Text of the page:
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SOCOM is on the lookout for optics for its crew-served weapons

Ian D'Costa

SOCOM is on the lookout for optics for its crew-served weapons
According to a solicitation posted to the federal government’s official contracts site, US Special Operations Command appears to be hunting around for new optics for its crew-served weapons.
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U.S. Army Sgt. William Shealey, assigned to Headquarters and Headquarters Company, 1st Battalion, 505th Parachute Infantry Regiment, 3rd Brigade Combat Team, 82nd Airborne Division, fires an M2 machine gun during the 2018 International Sniper Competition at Burroughs Range on Fort Benning, Georgia, Oct. 17, 2018. (U.S. Army photo by Sgt. Michelle U. Blesam)

The solicitation, still currently active, was tendered by Naval Surface Warfare Center Crane in mid-January for a Crew Served Weapons Optic that can be mounted on and effectively operated with SOCOM’s vast arsenal of mounted machine guns, including the M2A1 (.50 caliber heavy machine gun), the M240 (the 7.62 NATO mainstay general-purpose machine gun), and the Mk44 minigun (also chambered for 7.62 NATO).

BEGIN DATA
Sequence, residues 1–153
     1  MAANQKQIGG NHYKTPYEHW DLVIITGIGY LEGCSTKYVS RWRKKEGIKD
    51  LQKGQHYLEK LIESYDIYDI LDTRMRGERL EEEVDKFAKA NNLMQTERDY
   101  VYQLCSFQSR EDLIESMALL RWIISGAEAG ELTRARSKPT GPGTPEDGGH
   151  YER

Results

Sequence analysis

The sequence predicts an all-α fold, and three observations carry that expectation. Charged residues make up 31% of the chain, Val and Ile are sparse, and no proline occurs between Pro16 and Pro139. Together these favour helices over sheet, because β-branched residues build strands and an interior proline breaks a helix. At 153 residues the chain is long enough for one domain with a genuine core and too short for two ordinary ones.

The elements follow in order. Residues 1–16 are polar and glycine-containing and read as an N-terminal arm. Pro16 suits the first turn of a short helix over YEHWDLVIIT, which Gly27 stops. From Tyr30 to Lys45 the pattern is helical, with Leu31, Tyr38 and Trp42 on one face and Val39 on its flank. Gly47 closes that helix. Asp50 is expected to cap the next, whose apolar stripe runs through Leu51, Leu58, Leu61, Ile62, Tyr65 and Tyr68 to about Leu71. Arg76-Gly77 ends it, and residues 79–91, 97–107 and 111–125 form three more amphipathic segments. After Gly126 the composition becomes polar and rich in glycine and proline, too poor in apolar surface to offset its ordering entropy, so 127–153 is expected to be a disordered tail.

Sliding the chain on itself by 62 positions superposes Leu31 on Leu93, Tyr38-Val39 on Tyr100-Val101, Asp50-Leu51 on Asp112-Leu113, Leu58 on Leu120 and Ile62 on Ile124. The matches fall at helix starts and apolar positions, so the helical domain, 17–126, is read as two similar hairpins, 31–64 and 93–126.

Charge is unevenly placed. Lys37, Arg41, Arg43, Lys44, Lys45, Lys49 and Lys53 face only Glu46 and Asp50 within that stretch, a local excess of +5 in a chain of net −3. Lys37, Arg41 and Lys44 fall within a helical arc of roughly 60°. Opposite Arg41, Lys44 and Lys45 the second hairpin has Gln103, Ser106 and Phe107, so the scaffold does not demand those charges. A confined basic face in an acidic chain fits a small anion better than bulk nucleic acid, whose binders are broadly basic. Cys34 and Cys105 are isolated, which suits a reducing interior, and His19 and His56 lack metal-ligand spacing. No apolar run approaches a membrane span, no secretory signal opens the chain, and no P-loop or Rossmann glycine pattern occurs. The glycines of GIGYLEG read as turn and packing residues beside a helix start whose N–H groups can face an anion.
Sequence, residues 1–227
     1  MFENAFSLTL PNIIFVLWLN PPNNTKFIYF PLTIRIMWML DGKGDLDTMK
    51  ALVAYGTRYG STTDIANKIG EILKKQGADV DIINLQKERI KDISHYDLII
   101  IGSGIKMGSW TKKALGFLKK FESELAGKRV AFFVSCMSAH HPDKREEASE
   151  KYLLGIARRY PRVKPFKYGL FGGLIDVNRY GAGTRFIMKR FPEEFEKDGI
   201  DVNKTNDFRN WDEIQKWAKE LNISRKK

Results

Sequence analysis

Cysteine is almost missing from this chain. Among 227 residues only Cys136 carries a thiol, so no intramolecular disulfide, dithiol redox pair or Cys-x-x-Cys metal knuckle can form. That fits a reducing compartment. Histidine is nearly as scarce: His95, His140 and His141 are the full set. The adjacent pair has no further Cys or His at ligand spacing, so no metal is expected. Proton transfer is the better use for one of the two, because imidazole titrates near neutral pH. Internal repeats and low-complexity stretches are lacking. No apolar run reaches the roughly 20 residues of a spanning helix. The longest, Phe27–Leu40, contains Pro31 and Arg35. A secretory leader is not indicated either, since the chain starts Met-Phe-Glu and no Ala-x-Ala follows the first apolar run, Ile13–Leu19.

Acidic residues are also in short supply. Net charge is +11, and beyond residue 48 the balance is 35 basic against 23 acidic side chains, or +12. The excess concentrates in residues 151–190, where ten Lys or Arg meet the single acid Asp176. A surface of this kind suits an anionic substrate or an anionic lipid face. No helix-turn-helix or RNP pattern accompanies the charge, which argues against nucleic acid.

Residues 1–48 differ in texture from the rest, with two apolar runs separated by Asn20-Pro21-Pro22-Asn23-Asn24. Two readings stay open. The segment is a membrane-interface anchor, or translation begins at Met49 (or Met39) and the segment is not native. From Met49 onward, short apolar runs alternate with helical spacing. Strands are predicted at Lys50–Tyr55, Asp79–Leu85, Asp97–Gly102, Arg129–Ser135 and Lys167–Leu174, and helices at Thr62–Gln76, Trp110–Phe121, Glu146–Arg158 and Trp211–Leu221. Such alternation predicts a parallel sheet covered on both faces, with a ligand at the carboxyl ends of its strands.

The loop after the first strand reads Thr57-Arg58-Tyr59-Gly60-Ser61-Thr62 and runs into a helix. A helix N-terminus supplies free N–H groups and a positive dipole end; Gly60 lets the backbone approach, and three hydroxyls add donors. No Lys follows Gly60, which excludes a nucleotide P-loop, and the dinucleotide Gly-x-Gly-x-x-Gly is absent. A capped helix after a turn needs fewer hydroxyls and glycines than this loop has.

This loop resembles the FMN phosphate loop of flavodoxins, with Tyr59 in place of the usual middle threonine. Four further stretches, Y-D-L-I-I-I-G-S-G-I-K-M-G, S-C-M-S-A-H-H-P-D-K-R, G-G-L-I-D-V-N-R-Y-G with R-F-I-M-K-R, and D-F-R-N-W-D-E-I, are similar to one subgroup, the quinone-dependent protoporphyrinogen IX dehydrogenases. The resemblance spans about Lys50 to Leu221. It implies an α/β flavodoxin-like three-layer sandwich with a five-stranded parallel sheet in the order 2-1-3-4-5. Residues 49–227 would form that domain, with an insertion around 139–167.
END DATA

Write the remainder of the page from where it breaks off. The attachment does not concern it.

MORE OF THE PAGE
Mounting optics to crew-served weaponry isn’t anything new or groundbreaking, with a history tracing back beyond the Vietnam War. Legendary sniper Carlos Hathcock was known to generate confirmed kills using an M2 “Ma Deuce” with scope mated to a custom-built mount. Indeed even miniguns have been occasionally spotted over the years with EOTech holographic sights.

Regardless, it’s interesting to see SOCOM pursue what appears to be a one-size-fits-all solution that can work with a wide variety of mounted weapons instead of an optic that works well with just one or two platforms in particular.

Though the solicitation does not include any public information on the exact specifications of the CSWO that SOCOM intends to pick up in the coming months, it wouldn’t be unreasonable to assume from the above that the optic would be of fixed magnification. Not a whole lot more can be inferred, however.

As with most solicitations posted by Crane to the federal contracts site, the end-user (i.e. one or more of SOCOM’s various special operations forces) of the CSWO has not been specified.

The contract’s stipulations mandate that bidders need to provide a soft case for the optic, a commercial battery, user manual, lens cloth, a lanyard, and mounting hardware — all fairly standard equipment and accessories.

The Firearms Blog reports that at the very least, SOCOM will buy 200 optics, though the order could potentially rise up to over 1,500 optics depending on the needs of the units that will field the CSWO.


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